HBO's Westworld: A Spoiler-Free Review

HBO's Westworld: A Spoiler-Free Review

A TV series remake of the 1973 film "Westworld" has finally premiered this past Sunday on HBO after what seems like years of speculation. The show was developed by Jonathan Nolan (yes, Christopher Nolan's brother) and Lisa Joy, has J. J. Abrams as an executive producer, and assembled a cast that includes Anthony Hopkins. 

It's no secret that "Westworld" is being billed by critics as an evident substitute to "Game of Thrones," which is coming to an end. HBO is actually in need of a new hit, as not only "Thrones" is coming to an end, but also "Girls" and "The Leftovers." Other shows such as "Veep" and "Silicon Valley" seem to do well with critics, but did not catch on as mainstream hits.

"Westworld" has the same dark, realistic, and epic components as "Game of Thrones," but it is more sci-fi than fantasy. Essentially, the concept of Westworld is that it is an alternate reality amusement park for very rich people to do whatever they want inside. The 'hosts' inside this park are all hyper-realistic robots who are there to please those very rich visitors (called 'newcomers'). But here's the catch: the 'hosts' don't seem to know that they're just props in a fake world.

Dolores Abernathy, one of the robotic 'hosts,' is played by Evan Rachel Wood and presented as a clear protagonist from the very start. She seems to be just a small town romantic, but we're able to sense that there's something off about her. 

Dolores' romantic counterpart is Teddy Flood, played by James Marden. It was interesting to see a male character who, in the pilot, seemed to only be in the show to serve as a romantic interest to Dolores. I believe it was a clever wink from the writers, since female characters are usually the ones who only exist to please a male counterpart.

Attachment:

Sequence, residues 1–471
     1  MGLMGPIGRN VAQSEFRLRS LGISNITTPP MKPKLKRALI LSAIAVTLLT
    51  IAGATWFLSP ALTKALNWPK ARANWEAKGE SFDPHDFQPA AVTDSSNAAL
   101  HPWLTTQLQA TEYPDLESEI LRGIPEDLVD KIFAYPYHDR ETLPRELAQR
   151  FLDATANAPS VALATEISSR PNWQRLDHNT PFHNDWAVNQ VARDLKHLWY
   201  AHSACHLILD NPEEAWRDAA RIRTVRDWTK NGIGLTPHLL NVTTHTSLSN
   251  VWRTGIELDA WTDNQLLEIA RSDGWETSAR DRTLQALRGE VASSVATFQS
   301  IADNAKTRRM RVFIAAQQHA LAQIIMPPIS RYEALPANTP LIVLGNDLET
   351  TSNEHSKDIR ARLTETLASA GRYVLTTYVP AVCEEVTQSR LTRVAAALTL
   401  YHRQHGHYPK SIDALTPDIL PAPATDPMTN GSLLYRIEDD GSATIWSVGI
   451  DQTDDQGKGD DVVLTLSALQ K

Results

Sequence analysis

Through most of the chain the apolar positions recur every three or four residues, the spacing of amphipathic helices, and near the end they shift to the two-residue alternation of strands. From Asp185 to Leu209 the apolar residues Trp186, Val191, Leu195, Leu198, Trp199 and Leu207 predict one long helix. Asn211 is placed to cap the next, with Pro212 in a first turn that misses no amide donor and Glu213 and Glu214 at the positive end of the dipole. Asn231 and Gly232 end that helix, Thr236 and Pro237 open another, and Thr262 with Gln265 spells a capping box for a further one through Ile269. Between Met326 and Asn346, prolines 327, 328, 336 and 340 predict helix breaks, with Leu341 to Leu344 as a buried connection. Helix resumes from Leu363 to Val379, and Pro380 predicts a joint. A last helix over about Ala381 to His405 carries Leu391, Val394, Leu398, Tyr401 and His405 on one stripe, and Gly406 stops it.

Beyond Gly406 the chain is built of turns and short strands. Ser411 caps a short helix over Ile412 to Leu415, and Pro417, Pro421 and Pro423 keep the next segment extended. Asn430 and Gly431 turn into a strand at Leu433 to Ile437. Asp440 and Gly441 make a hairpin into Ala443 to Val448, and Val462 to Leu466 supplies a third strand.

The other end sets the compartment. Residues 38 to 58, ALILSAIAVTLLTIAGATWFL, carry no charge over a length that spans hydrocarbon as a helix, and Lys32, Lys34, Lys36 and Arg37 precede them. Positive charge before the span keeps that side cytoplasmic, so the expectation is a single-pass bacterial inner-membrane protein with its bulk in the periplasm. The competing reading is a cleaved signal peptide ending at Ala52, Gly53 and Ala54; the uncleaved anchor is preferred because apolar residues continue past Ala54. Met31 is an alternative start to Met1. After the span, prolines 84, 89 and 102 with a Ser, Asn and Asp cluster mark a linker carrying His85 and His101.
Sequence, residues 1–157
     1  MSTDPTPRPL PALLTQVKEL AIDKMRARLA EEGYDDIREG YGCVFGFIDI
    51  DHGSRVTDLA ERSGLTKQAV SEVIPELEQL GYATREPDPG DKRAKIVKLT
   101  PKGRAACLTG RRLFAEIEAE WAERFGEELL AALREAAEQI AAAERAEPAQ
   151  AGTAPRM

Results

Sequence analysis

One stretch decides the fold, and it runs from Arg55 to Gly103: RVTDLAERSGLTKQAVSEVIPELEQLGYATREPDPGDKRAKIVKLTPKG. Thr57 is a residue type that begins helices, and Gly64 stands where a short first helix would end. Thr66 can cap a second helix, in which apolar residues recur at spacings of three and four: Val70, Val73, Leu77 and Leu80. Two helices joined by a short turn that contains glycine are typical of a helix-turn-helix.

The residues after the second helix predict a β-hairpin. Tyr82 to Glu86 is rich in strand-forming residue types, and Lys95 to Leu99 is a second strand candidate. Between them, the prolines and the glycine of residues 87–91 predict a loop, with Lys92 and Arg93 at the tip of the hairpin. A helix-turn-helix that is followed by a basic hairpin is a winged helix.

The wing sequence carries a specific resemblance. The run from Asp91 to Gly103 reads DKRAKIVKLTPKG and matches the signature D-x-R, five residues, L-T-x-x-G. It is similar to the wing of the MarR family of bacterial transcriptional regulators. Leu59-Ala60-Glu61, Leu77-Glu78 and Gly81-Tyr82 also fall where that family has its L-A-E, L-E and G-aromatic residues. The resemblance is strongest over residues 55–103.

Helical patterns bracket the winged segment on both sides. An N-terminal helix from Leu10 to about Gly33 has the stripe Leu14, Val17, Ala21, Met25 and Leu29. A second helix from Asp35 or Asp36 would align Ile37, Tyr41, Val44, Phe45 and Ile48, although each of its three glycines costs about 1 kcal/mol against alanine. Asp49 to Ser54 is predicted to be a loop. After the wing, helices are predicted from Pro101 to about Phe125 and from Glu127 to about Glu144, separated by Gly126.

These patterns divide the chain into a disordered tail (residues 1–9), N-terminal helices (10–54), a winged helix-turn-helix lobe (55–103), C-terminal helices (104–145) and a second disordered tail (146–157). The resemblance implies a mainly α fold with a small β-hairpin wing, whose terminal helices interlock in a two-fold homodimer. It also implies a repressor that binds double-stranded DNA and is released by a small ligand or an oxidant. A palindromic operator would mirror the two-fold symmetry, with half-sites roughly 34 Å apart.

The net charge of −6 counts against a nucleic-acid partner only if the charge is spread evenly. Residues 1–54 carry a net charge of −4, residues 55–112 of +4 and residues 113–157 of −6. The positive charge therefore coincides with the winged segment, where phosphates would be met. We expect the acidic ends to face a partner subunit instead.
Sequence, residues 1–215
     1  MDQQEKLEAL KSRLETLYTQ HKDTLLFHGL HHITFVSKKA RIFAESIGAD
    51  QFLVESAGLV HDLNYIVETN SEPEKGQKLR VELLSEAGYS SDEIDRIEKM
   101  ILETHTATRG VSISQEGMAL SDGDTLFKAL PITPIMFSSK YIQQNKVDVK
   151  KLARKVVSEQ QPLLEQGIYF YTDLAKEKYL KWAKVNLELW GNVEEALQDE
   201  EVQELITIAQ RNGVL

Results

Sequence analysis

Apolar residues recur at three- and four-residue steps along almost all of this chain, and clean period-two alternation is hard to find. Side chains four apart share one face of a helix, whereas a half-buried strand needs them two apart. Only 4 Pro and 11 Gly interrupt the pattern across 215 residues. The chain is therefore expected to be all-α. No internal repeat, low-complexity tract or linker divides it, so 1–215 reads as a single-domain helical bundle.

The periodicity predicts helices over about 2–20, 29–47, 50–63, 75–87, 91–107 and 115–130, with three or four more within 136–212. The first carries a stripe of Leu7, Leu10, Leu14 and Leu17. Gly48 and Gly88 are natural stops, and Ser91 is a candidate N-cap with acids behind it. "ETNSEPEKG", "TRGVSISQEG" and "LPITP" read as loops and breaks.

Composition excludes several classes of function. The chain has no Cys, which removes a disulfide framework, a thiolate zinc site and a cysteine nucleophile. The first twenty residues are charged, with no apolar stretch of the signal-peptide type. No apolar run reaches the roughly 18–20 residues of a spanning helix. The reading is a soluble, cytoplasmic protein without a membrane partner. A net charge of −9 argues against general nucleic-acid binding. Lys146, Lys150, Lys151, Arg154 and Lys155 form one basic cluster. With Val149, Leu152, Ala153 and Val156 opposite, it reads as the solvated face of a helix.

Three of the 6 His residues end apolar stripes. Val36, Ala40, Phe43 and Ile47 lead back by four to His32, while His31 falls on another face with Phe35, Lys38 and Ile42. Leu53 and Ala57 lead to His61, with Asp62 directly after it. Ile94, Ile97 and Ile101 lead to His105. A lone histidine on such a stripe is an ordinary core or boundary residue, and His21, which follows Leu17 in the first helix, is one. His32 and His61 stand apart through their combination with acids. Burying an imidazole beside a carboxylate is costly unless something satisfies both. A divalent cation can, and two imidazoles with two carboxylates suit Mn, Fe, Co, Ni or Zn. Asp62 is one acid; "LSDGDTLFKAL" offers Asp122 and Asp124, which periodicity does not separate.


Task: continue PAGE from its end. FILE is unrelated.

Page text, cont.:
On the management side of the Westworld park, there's the sort of Head IT Guy character Bernard Lowe, played by Jeffrey Wright, who is basically the same character that we saw Wright play on "Hunger Games: Catching Fire."

There's also Theresa Cullen, played by Sidse Babett Knudsen, who is so far the person who seems to actually make decisions and run the whole Westworld thing. She has quite a few bad ass moments.

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And then there's also the great Anthony Hopkins, who plays Dr. Robert Ford, the creator and maker of all the hyper-realistic animatronics. He seems like a pretty romantic guy for being a 'science dude.' We can also definitely feel his sense of nostalgia for the 'old days'.

I would be remiss if I didn't mention Rodrigo Santoro, an amazing Brazilian actor that I've admired my entire life back in Brazil, who is making one more stride towards his Hollywood career. Rodrigo has landed roles on both "300" movies, season 3 of "Lost," "Charlie's Angels," "Love Actually," and, most recently, on the Will Smith movie "Focus." He plays a 'host' bandit called Hector Escaton. 

The pilot for "Westworld" was incredibly well executed and I can't wait to see where this TV series can go. If you want to get on board this train, catch it on HBO every Sunday at 9pm.

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